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Flu Vaccine Recommendations for the 2019-2020 Season

Discussion in 'General Discussion' started by Hadeel Abdelkariem, Sep 30, 2019.

  1. Hadeel Abdelkariem

    Hadeel Abdelkariem Golden Member

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    Although influenza seasons vary in severity, influenza can cause millions of illnesses, hundreds of thousands of hospitalizations, and tens of thousands of deaths worldwide each season. While not 100% effective, annual influenza vaccination offers important protection against influenza illness and its potential serious complications.

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    Hi. I'm Dr Lisa Grohskopf, a medical officer in the Influenza Division at the Centers for Disease Control and Prevention (CDC). For the 2019-2020 influenza season, CDC and the Advisory Committee on Immunization Practices (ACIP) continue to recommend routine annual influenza vaccination for all persons 6 months of age and older who do not have contraindications to vaccination. The full recommendations are available on the CDC website. Here are some of the key changes for the 2019-2020 season.

    Vaccine Composition
    This season, all US-licensed influenza vaccines will have changes in the influenza A(H1N1)pdm09 and influenza A(H3N2) vaccine virus components as compared with the 2018-2019 season. US-licensed trivalent influenza vaccines will contain hemagglutinin derived from A/H1N1, A/H3N2, and B/Victoria viruses. Quadrivalent influenza vaccines will contain hemagglutinin derived from these three vaccine viruses and from a B/Yamagata virus.

    Trivalent Influenza Vaccine Composition:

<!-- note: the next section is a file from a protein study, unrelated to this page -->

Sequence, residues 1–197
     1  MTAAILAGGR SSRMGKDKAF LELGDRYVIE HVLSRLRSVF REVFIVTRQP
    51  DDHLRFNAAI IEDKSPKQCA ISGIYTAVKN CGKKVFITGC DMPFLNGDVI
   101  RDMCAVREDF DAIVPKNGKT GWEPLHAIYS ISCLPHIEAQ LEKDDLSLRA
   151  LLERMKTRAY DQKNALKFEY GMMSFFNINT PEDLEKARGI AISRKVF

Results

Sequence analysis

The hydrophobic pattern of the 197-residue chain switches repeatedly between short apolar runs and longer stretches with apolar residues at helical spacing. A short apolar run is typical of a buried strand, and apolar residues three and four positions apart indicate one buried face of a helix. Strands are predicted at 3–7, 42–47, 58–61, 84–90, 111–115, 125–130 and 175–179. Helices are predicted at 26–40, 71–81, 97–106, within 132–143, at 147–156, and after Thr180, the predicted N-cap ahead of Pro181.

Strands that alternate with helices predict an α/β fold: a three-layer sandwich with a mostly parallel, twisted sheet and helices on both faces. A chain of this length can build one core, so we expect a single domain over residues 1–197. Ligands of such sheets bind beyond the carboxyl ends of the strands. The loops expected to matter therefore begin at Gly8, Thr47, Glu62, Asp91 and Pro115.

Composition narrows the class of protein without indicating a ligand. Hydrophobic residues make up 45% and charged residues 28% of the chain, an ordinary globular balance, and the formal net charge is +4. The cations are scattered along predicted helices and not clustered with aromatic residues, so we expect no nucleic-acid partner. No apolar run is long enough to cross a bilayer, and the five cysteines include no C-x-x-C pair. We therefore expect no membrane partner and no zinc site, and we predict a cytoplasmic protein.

• an A/Brisbane/02/2018 (H1N1)pdm09–like virus,

    • an A/Kansas/14/2017 (H3N2)–like virus, and

    • a B/Colorado/06/2017–like virus (Victoria lineage)
    Quadrivalent Influenza Vaccine Composition:

    • The three recommended viruses above, plus B/Phuket/3073/2013-like (Yamagata lineage) virus
    Recent Influenza Vaccine Labeling Changes
    In the past year, the US Food and Drug Administration (FDA) has approved labeling changes for two influenza vaccines, Afluria Quadrivalent and Fluzone Quadrivalent.

    In October 2018, the FDA approved an expanded age indication for Afluria Quadrivalent, a quadrivalent inactivated influenza vaccine. Afluria Quadrivalent is now licensed for children 6 months of age and older. Children 6 through 35 months of age should receive 0.25 mL for each dose. All persons 36 months (or 3 years) of age and older should receive 0.5 mL for each dose.

    In January 2019, FDA approved a change in dose volume for Fluzone Quadrivalent, another quadrivalent inactivated influenza vaccine. The change in dose volume affects children 6 through 35 months of age. Previously, children in this age group were recommended to receive 0.25 mL of this vaccine per dose. Children 6 through 35 months of age may now receive either 0.25 mL or 0.5 mL per dose. There is no preference for one or the other dose volume for this age group. All persons 36 months (or 3 years) of age and older should receive 0.5 mL per dose.

    One important thing to consider is that for children who are 6 through 35 months of age, there are now four different inactivated influenza vaccines that may be used, but the dose volumes for this age group differ depending on the specific vaccine. Care should be taken to administer an appropriate dose of an appropriate vaccine for the recipient's age. More information is in the table below: